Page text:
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New York Tenant Screening

Last Updated: January 20, 2015


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Since the early 19th century, New York City has been the largest port of entry for immigration into the United States. Immigration has built the city and nation. In the United States, the federal government did not assume direct jurisdiction for immigration until 1890. Prior to this time, the matter was delegated to the individual states, then via contract between the states and the federal government.

How to Screen a Tenant in the State of New York

DISCLAIMER: We do our best to keep this information accurate and up-to-date, but we cannot guarantee either. The most recent law changes may not be reflected here. We do not intend this information to be legal advice, nor are we qualified to advise you regarding legal matters. We highly recommend consulting a lawyer qualified to discuss landlord-tenant law to advise you. We do not specifically endorse any of the websites linked from these pages, nor are we in any way affiliated with the agencies or individuals who have published them. We cannot guarantee the accuracy of information posted on these sites. If you find a problem on this page, please contact us so that we can get it fixed.

Step 1: Know Your Rights & Responsibilities

The Laws

Landlords and property managers are subject to the Fair Credit Reporting Act [PDF] (FCRA) during the tenant screening process. Additionally, New York has laws that affect the tenant screening process. You can find the current New York landlord-tenant laws here. If you are finding the formalities of the state code daunting, you might want to check out these friendlier sites:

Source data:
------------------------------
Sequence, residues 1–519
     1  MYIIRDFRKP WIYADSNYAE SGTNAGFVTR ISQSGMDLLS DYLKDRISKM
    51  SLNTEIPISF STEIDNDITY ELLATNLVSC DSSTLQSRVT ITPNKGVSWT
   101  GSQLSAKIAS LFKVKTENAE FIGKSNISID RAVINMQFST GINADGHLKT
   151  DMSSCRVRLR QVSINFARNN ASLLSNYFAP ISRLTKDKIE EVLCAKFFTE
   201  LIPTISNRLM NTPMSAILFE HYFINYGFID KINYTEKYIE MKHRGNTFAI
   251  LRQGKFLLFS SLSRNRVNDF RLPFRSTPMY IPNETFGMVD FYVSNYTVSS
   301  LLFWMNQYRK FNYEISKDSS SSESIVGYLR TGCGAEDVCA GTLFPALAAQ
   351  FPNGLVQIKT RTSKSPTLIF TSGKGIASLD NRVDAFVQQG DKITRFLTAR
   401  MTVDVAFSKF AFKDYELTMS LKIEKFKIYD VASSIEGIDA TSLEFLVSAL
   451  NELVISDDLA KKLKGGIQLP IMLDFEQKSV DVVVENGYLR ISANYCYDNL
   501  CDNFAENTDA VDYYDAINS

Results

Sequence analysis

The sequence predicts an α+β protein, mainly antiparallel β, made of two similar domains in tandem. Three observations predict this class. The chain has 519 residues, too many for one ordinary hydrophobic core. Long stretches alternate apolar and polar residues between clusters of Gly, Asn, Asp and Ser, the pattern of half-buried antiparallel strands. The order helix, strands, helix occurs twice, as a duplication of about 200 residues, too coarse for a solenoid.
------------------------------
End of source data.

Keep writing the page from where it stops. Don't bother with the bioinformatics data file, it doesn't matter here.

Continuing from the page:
Recent Law Changes

As the debate over rent regulations accelerates, developers and advocates will also be keeping an eye on other laws that expire either with the rent regulations or later in 2015. June 15 is also the sunset date for the 421-a tax break, a property tax abatement given to residential developers. Critics say 421-a is enormously expensive and ineffective at producing affordable housing. Meanwhile, the J-51 tax exemption, which gives owners who are renovating their properties a tax break if they enroll in rent stabilization, sunsets June 29, while the co-op and condo tax abatement, which allows owners of those properties a rebate on their property taxes, needs to be renewed by June 30. Reform and renewal of these programs could get linked to rent stabilization. The looming battle over New York State Housing Laws.

Step 2: Required Forms & Disclosures

Tip: before you rent for the first time, consider hiring a lawyer to review all of the documents you will use during the application and rental process to ensure that you are protected to the fullest extent of the law.

Before Screening:

  1. Rental Application [PDF] (this must be completed in full by the applicant prior to screening)
  2. Summary of Your Rights Under the Fair Credit Reporting Act [PDF]
  3. Consumer Report Disclosure [PDF]

After Screening:

If you are ACCEPTING an applicant:

  1. Move-In Checklist [PDF]
  2. Lease Agreement (written), containing or attaching the following information:
    1. Owner/Agent Identity - this should include name and address, and if the owner/agent is out-of-state it must include contact information for a resident of the COUNTY in which the rental is located that can act as an agent for the purposes of serving notices and process.